Rueckert-Hartman College for Health Professions
Doctor of Nursing Practice
Thesis - Open Access
Number of Pages
Title: Peripheral Intravenous Education for Nurses
Problem: Nurses are entering the field with little to no experience with peripheral intravenous (PIV) insertions and lack the requisite confidence and skill level needed to insert and maintain PIV lines. This greatly impacts patient satisfaction and the ability to provide care in a timely manner. The vascular access team (VAT) is also inundated with calls for PIV insertions and this prevents the team from being able to focus on central line insertions, care, and maintenance.
Purpose: The purpose of this project was to provide education and mentoring to new nurses with 0-5 years of experience that focused on insertion techniques as well as care and maintenance of peripheral intravenous lines.
Goal: The success of this project would show that education and mentoring can help improve nursing confidence and skill level with PIV insertion, increase first attempt success rate, and ultimately affect patient satisfaction. Although patient satisfaction is not a data point that is tracked in this study, it is a dependent variable that can be affected downstream.
Objective: Improve nurse-reported self-efficacy and skill level with PIV placement and care and to reduce the number of calls to the VAT for PIV access by 10%.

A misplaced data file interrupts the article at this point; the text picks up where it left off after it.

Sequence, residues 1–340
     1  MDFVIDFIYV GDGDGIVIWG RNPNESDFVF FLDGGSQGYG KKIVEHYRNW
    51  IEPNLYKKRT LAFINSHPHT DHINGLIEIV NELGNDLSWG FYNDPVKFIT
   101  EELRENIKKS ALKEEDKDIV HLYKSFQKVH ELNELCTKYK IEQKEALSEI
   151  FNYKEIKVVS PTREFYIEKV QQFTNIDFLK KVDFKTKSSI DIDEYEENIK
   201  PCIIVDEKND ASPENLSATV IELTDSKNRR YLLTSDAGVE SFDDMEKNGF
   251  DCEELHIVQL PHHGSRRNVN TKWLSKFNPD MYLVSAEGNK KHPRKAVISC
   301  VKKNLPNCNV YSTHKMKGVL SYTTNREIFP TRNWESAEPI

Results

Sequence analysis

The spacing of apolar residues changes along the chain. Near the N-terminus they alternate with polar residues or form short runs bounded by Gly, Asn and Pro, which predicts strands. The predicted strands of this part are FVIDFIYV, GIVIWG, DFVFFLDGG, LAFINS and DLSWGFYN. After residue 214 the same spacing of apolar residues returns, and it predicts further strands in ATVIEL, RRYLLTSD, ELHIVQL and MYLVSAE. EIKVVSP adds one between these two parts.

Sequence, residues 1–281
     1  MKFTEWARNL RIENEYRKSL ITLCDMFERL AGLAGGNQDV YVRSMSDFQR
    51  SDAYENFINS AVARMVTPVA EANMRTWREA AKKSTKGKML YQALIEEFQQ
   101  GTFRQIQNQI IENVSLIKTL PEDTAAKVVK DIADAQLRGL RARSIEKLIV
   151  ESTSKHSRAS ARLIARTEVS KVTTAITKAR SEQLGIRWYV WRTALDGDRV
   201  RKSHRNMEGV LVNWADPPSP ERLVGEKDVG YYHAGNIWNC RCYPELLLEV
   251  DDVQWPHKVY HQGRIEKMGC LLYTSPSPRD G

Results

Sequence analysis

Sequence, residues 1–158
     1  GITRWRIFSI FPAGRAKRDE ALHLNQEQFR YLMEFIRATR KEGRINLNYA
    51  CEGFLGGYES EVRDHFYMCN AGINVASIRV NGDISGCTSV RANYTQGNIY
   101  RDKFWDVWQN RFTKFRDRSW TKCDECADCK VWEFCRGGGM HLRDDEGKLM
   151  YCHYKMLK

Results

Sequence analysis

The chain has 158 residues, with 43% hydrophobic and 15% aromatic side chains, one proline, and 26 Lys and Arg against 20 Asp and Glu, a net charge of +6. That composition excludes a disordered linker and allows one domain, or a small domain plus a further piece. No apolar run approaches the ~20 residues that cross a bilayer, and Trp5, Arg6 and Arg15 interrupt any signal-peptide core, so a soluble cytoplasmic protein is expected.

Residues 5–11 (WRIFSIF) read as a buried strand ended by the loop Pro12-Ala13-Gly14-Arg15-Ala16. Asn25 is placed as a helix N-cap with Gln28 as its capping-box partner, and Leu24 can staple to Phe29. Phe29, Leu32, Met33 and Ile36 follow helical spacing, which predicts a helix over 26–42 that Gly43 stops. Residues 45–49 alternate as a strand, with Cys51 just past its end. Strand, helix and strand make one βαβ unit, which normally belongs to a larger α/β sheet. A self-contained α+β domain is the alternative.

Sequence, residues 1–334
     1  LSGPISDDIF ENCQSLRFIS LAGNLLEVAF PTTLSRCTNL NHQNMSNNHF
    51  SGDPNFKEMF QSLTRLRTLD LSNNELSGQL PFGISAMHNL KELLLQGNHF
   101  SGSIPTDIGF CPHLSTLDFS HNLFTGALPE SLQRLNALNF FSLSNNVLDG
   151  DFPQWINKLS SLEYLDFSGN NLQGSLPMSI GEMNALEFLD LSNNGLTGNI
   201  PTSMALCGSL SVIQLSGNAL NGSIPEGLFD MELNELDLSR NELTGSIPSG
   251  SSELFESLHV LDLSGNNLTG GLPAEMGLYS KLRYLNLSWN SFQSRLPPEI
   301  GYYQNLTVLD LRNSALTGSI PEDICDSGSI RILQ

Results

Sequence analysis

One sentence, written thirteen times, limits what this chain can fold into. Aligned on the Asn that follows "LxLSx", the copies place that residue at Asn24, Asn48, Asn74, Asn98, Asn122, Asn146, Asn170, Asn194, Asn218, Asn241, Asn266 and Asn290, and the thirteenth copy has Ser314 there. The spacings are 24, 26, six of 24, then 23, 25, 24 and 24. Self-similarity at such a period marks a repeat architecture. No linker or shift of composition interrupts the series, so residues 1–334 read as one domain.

Plan: Provide a one-hour educational offering to all nurses, on an acute care inpatient unit, with 0-5 years nursing experience. A pre-intervention survey was completed by all participants prior to the class and a post intervention survey was completed immediately following the class and again at on month post intervention. VAT calls data was also evaluated for one month pre-intervention, the month during the intervention, and one month post intervention.
Outcomes/Results: There was a statistically significant change in the mean scores from the pre-aggregate data to the first post-aggregate survey data. With a p-value of 0.003 and a positive shift in the mean scores, the intervention was effective, and the nurse-reported self-efficacy improved. There was also a statistically significant change from the post-aggregate 1 survey data to the post-aggregate 2 survey data. With a p-value of 0.012 and a negative shift in the mean scores, although the intervention was successful, the knowledge was not retained. There was also a 10.5% decrease in calls to the VAT in the one-month post-intervention.
Date of Award
©Sara M. Gibbons
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Gibbons, Sara M., "Peripheral Intravenous Education for Nurses" (2020). Regis University Student Publications. 978.